It’s not just the latest hipster trends that are underground in Seattle these days. Bertha will continue to hibernate beneath the earth’s surface a little bit longer, city officials said. Bertha is the world’s largest machine for digging tunnels and was built specifically for the Washington State Department of Transportation (WSDOT) and this project. Bertha and its
57 foot diameter cutting edge—about the height of a five-story building—are sitting underneath Seattle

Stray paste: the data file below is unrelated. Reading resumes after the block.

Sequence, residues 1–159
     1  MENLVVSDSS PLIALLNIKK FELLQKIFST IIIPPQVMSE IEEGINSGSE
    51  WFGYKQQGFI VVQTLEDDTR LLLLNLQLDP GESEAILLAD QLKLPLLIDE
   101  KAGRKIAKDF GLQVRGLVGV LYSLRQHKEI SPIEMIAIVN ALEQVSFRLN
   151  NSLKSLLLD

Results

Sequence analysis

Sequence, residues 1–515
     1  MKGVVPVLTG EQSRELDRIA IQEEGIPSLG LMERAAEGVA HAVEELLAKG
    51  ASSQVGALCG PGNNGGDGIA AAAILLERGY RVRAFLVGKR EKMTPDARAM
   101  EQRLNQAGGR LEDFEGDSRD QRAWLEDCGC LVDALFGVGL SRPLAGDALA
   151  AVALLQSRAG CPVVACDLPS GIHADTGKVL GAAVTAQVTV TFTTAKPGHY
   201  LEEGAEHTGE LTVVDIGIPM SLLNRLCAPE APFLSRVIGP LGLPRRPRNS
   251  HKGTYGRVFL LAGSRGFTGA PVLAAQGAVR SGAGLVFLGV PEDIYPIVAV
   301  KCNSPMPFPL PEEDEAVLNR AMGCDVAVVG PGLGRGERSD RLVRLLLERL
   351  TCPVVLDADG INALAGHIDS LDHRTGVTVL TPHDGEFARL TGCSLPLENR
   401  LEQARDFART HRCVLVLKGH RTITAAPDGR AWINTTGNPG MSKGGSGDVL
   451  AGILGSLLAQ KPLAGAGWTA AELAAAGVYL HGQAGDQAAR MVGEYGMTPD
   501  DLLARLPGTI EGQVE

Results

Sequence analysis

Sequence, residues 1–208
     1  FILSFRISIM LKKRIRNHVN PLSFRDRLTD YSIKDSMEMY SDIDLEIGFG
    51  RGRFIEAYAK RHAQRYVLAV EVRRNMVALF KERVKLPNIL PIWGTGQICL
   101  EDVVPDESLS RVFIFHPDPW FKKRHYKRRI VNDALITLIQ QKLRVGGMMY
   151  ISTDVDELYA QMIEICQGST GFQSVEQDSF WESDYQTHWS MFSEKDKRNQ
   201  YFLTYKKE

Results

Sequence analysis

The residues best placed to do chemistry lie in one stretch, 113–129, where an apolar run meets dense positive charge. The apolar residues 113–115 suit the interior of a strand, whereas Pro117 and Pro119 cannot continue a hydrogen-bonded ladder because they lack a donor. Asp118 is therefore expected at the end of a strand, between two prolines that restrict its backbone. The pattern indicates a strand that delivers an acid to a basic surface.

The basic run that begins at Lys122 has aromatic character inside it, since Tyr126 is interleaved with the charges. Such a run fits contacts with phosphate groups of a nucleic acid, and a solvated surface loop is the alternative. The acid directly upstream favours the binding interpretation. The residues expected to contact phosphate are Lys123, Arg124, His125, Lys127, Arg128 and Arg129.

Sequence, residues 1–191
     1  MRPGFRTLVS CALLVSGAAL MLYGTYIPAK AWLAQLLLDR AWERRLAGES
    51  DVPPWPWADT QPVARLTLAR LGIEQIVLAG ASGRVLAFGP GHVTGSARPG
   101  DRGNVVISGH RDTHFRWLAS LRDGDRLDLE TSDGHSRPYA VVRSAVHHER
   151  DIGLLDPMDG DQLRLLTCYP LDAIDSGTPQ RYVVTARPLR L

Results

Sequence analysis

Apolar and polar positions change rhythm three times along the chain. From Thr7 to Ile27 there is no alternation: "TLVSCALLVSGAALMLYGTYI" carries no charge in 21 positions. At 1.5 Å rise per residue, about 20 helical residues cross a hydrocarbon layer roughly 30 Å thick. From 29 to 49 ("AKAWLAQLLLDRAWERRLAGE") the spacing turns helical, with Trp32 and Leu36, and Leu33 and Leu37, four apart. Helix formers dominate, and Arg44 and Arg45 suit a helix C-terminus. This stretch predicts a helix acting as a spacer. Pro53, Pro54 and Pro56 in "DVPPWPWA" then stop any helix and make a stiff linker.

by the waterfront, and will be there until they receive necessary repairs. Bertha’s job is to carve out a new State Route 99 beneath Seattle, a highway that has been causing problems aboveground for more than 60 years. “[Bertha is] a custom-built, tube-shaped machine that bores its way through the earth, building a tunnel behind it as it goes. Industry folks call it a tunneling machine. We call her Bertha, the world’s largest tunnel digger,” the WSDOT website stated. The decision to build a replacement corridor came from an earthquake in 2001 that damaged the viaduct. The new Alaskan Way Viaduct replacement tunnel was scheduled to open by 2016. However, the job of carving out a double-decker highway tunnel cannot be completed without Bertha, and the machine is currently out of commission. Problems started back in early December, and Bertha eventually ground to a halt when trying to push through wet soil, before completely stopping when it hit a pipe. “[Seattle Tunnel Partners] (STP) said repairs will include replacing the machine’s main bearing and installing a more robust seal system that would have redundant systems and monitoring equipment. Additional repair details will be released on June 16,” KOMO News reported. As it stands, the plan is to begin repairs in the fall, and get Bertha back to work by next March. A pit will have to be dug around Bertha before the repairs can begin, similar to the pit used at Bertha’s launch site. “Tunneling beneath Seattle allows us to replace the SR 99 Alaskan Way Viaduct while minimizing closures of the highway during construction. When the tunnel opens in 2016, a two-mile stretch of SR 99 will move underground, allowing us to remove the viaduct and clear the way for new public space along Seattle’s downtown waterfront,” said the WSDOT website. The state and the contractors are at odds as to who will pay for the repair costs. The entire tunnel project itself is a $1.44 billion contract. The state insists that the contractors should pay for the extra cost, especially considering that they’re the ones operating it, and damages could be partially due to their error. “It’s a contractor-owned machine,” said Todd Trepanier of the transit agency to KOMO News. “We have an expectation that they will fulfill that contract.” The repair costs could amount to at least $125 million, more than STP paid for the machine. If responsibility fails to be attributed to either party, it could result in a legal battle that would keep Bertha underground much longer than planned. Other parts of the construction project will continue while Bertha is down and out. According to the WSDOT, the two mile tunnel underneath downtown Seattle that Bertha is digging is only a part of the project to reform State Route 99 through Seattle. The endeavor also includes a mile of highway that connects to the south entrance of the tunnel, which is located near the stadiums of Seattle. A new overpass south of downtown is also necessary, as well as the destruction of the waterfront section of the viaduct. Last but not least, the project requires a new surface street running along the waterfront that will connect downtown to State Route 99. Bertha’s route is divided into ten zones—the machine is stuck in the first one. Bertha’s need for repairs sets the project back by 16 months. However, while Bertha is getting fixed, a similar machine called Brenda will be getting started. Brenda is less than half the size of Bertha, and will be put to work on a similar project on the other side of town. Brenda will be drilling the Northgate Link tunnel, increasing mobility along the I-5 corridor by creating space for a light rail. While there is nothing that suggests that Seattle University students will be majorly affected by either project more than the city’s other residents, there have been worries regarding Brenda and the University of Washington. Brenda will be drilling near Husky stadium, and during the planning period there were concerns raised by UW officials regarding vibrations reaching the ground’s surface. “We don’t expect there will be any vibrations when they’re tunneling under campus,” said Richard Chapman, UW associate vice chancellor for capital projects to The Seattle Times. The accommodations that contractors will make to ensure the absence of vibrations include changing the vehicle intended for carrying concrete segments from a train to a rubber-tired vehicle, and by adjusting Brenda to change the way in which its hydraulic thrusters facilitate forward movement. Forward movement, of course, is something that Bertha will hopefully also be doing by next spring.